Saturday, November 22, 2008

Week in review (11/16 to 11/22)

The week ended on a sour note for Mobile aerospace workers with the layoff of about 60 workers from Teledyne Continental Motors. The decision was based on a decline in the market for aircraft engines and parts. Teledyne Continental is located in the Brookley Industrial Complex.

There was a bit of news about the Air Force tanker project. That’s of high interest to the Mobile area, which hopes to build the tankers at Brookley. Pentagon acquisition chief John Young said he will advise the Obama administration to take a two-step approach to the competition between Boeing and Northrop Grumman/EADS, based on the best-price offer after bidders had shown an ability to meet stripped-down set of requirements. The Northrop Grumman/EADS proposal came in considerably less costly than the Boeing proposal.

Things are moving forward at Mobile Regional Airport. EADS CASA, a Spanish subsidiary of the European Aeronautic Defence and Space Co. wants to expand its facility there. The company won abatements from the industrial development board. Plans call for a 27,000-square-foot hangar.

Also during the week, the Mobile Airport Authority board members voted to pay former executive director Bay Haas $10,000 a month as a consultant for 19 months. The board in September announced plans to retain Haas when it hired Bill Sisson as the new chief of the authority.

Further to the east in the Fort Walton Beach area, a lot of concern is being felt over the Air Force’s decision to postpone the record of decision for the Joint Strike Fighter training school at Eglin Air Force Base. The delay will give the Air Force time to run tests on the new F-35 and explore alternative locations on the base for its bed down. The city of Valparaiso has been concerned over the noise of the F-35 and is suing the Air Force for additional information.

But the Air Force is moving forward on the Army 7th Special Forces Group bedding down at Eglin. The group will be located west of Duke Field. The cantonment area includes operations and maintenance facilities, housing, dining facilities, and munitions storage and loading facilities. Some 5.1 million square feet of buildings and hard surfaces will be built between 2009 and 2011.

In the western portion of the Gulf Coast Aerospace Corridor, the INFINITY Science Center broke ground on the Interstate 10 facility. It expects to draw as many as 400,000 people a year. The center will highlight the work being done at the neighboring Stennis Space Center. It plans to open in the fall 2010 with exhibits, interactive galleries, theaters, a gift shop and cafeteria, though the backers still need to raise another $4 million. If this facility becomes anything like the Space and Rocket Center in Huntsville, it will be of major importance for the Gulf Coast Aerospace Corridor.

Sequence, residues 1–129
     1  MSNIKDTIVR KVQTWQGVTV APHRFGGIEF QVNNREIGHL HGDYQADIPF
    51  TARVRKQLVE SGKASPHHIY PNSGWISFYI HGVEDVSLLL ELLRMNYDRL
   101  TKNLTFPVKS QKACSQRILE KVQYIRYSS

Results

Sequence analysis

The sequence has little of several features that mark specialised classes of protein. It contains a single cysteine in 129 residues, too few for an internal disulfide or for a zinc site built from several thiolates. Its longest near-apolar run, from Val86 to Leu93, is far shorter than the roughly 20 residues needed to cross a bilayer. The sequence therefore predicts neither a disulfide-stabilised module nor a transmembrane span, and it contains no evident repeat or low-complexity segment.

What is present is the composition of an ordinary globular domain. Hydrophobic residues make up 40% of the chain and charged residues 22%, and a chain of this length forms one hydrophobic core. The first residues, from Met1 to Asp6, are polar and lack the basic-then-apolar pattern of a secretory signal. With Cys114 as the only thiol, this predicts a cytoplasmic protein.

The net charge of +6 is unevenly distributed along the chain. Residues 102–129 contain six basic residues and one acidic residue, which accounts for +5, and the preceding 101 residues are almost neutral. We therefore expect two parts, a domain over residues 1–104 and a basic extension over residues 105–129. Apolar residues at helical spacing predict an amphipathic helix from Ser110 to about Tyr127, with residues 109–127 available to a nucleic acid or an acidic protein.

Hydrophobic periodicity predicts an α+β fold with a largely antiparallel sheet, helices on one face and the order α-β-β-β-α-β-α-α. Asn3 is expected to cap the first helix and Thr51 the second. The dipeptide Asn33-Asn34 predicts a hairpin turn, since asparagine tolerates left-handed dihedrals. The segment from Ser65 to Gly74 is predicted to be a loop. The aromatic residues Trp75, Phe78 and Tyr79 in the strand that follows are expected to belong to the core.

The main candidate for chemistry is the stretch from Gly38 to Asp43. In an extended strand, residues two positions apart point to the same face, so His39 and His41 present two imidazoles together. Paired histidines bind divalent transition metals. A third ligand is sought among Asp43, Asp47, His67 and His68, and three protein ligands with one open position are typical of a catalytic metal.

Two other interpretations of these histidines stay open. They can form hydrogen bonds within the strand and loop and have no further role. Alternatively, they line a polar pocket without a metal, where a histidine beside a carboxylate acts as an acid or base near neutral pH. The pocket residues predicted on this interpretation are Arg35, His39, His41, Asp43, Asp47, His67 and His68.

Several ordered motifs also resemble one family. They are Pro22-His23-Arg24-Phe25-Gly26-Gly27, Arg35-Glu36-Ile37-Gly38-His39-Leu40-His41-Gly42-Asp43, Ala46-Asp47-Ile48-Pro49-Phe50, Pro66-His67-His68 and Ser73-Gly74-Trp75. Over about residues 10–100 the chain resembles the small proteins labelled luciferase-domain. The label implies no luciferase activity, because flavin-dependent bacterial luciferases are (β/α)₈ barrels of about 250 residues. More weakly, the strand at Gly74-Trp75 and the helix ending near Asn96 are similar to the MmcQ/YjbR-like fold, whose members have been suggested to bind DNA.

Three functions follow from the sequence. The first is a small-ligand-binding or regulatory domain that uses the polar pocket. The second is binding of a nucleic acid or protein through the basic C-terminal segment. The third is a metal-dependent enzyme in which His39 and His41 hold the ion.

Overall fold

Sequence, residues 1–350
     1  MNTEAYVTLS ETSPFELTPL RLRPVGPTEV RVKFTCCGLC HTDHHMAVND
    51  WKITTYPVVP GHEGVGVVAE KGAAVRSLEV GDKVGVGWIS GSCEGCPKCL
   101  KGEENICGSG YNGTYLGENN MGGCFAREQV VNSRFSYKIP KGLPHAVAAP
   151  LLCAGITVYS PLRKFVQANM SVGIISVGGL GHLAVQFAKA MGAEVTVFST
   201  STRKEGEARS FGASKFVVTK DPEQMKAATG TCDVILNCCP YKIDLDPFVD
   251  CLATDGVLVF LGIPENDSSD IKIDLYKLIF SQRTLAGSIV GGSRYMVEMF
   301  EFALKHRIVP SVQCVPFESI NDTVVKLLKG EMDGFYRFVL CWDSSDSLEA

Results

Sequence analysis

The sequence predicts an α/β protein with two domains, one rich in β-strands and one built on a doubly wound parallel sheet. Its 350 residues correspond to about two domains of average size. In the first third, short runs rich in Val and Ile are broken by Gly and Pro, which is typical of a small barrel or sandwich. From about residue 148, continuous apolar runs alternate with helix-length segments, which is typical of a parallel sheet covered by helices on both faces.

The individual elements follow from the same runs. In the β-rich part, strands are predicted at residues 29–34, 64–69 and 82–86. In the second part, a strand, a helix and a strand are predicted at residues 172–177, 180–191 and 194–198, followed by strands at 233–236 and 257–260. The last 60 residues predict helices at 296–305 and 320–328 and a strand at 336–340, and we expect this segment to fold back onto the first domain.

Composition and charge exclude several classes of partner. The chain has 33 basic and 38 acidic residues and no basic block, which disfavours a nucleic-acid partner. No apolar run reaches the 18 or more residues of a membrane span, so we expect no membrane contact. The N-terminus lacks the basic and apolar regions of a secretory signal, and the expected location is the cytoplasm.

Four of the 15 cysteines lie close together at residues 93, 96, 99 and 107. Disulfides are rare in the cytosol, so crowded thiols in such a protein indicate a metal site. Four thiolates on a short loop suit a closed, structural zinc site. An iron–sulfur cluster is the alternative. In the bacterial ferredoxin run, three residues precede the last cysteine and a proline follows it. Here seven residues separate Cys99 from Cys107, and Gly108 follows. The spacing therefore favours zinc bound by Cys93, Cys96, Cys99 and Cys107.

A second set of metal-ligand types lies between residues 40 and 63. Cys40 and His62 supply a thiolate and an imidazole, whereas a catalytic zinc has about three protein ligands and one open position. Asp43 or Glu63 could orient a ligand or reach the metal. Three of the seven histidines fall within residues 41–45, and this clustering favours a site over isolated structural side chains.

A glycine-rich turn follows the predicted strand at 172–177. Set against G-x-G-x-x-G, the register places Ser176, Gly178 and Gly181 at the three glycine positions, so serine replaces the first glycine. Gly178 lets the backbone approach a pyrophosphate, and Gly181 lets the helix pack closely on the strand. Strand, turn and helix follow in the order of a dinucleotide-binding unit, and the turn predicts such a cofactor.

In the same area of the corridor, Gene Goldman last week was named the new director of John C. Stennis Space Center. A native of Mississippi, Goldman has been the center’s deputy director since October 2006. He replaced Bob Cabana, who left in October to become the director of NASA’s Kennedy Space Center in Florida.

Upstate a ways in Hattiesburg, the University of Southern Mississippi signed a lease agreement with Crosslink to provide research space in the university’s polymer science building. Crosslink has worked with Southern Miss polymer science researchers since 2004. Previous collaborations include a variety of research projects in polymer-related technologies, particularly for military applications. Crosslink and USM hold a joint patent for a corrosion-inhibiting polymer. They are also working together on a “smart” aerospace composite that can alert crew of damage and initiate repair on its own.

Two contracts of note related to this region. In one, American Security Programs, Inc., Dulles, Va., was awarded $29.7 million to exercise an option under a previously awarded security services contract. The work includes guard and non-guard services. In this region, work will be performed at CBC Gulfport, Miss., NSA Panama City, Fla., and NAS Whiting Field in Milton, Fla. In the second contract, Virtual Media Integration, Ltd., Pensacola, was awarded an $8.3 million contract for the procurement of 5 pre-production Computed Radiography System units and up to 100 production units. The system is a portable nondestructive testing technique used for processing radiographic film. These systems will be used to inspect for defects and perform alignment measurements. Work will be performed in Pensacola.

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